I asked Kody: how do you keep all the books and things organised and not mixed up in your head. He said: that’s easy.

That was all he said, as if there was no more needed. That it is not a problem anyway so why was I asking it. I am always impressed with Kody who has read all of the Deltora Quest books three times. I said to him: but what about all the different countries? And he said: you mean the different lands? Like Araluen and that? That’s easy.

One morning the shop was full of grandmothers. This had never happened before.

One grandma told me about her tiny brilliant granddaughter; that she was so very brilliant and could read anything. The child sat still, magnificent in her stroller and then suddenly flung all of the chosen picture books to the floor. The other grandmothers looked away politely.

 

Map of Literature by Martin Vargic

 

 

 

 

 

 

 

 

 

 

 

 

 

 

 

 

 

Life is an icecream.

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An earnest young woman explained to me some details of her thesis on George Eliot’s Silas Marner. She talked about rationalism and the connection to community and the spiritual climb to redemption. She said she is moving to Strathalbyn because it has the correct number of bookshops which is any number more than zero.

I remember reading Silas Marner. He was a weaver.

I was asked for Theodore Roethke: The Collected Verse and Bel Canto. I was asked to put aside some Manga books please.

I was asked for Tagore. Because his writing is so very beautiful. The young woman stood for a long time trying to find the words to describe Tagore.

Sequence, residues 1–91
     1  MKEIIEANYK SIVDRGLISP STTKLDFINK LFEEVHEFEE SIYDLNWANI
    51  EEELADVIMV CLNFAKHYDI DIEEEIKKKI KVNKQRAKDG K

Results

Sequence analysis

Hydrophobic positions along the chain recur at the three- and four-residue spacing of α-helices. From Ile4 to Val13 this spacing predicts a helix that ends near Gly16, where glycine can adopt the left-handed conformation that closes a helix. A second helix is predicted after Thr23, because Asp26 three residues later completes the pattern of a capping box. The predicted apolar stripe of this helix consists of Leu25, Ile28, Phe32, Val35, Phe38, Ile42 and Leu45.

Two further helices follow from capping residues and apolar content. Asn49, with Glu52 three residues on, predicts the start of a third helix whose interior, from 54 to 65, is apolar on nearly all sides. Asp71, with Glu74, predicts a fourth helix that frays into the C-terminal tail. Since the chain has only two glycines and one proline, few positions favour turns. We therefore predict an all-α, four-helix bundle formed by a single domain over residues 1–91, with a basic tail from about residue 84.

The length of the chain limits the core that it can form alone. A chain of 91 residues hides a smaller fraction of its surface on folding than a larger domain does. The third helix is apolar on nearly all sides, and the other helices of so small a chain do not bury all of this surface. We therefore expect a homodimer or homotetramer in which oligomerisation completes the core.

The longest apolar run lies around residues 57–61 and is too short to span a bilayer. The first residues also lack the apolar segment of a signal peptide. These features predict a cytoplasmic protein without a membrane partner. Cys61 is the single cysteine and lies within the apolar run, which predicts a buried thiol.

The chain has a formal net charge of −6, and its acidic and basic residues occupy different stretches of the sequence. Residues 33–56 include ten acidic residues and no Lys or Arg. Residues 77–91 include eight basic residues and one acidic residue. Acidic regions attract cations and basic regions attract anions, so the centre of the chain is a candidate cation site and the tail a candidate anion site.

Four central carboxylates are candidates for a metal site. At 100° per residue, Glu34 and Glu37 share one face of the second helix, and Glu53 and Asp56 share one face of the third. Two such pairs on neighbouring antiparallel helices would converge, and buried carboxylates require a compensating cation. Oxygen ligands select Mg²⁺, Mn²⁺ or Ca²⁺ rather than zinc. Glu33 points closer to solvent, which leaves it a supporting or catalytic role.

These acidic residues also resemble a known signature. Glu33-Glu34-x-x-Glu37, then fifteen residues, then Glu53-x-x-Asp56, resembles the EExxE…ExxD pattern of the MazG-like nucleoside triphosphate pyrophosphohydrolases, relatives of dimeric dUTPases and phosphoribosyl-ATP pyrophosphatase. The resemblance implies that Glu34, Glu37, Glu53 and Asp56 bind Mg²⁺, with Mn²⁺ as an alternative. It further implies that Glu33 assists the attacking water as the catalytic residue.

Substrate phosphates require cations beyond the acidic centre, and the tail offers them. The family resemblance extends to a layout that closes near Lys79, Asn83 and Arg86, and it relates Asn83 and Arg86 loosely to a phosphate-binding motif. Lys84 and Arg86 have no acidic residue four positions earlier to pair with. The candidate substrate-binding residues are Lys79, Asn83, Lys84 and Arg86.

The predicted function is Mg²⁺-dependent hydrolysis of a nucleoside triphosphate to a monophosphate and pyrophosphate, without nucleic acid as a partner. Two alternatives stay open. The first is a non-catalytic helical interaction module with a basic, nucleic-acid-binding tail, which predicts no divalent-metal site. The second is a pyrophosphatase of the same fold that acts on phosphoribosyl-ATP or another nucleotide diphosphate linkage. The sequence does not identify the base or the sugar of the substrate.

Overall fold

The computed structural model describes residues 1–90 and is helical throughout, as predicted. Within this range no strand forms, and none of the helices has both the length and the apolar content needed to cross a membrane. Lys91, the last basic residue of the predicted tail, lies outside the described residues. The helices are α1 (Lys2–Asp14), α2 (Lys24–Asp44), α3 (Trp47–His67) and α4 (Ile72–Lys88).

Leon came by to make sure that everything is ok. I asked him about his reading and he said: well, that’s another story. As he left a woman and her mother came in and spend a long time in the crime fiction. When they left, the young woman said: I told you mum, I told you that I just go in there, in that shop, right, and I just freaking find stuff. Oh my God.

Her mum said: that is all very well but right now my hip is aching.

I was asked if I had Annie Dillard and I do. The reader said he wakes up and reads early each day. Reads until the break of day. Every day.

I am envious of the break of day reader and wished that I had thought of doing this first. Roy comes in with a hopeful list of outback novels for me to look out for. I tell him about the man who reads for hours every morning but Roy said that he would prefer to sleep.

I am asked for Faunaverse which was only published a few months ago. There is time for me to continue with Edith Wharton and to clean all of the windows and to listen to an argument that is raging across the road over a car park. One driver says: Well, you can’t park here mate, that’s all I can say so don’t be a moron about it.

I go to pay my electricity rates and feel resentful.

Peggy has sent a family messenger with some books for me and a message that life is an icecream. I ring her but she does not answer. I always urge her to wear her hearing aid but she says it is a bugger of a thing and refuses to use it, just as she refuses to wear her glass eye. But this has never stopped her from getting the most out of life. Nothing has ever done that.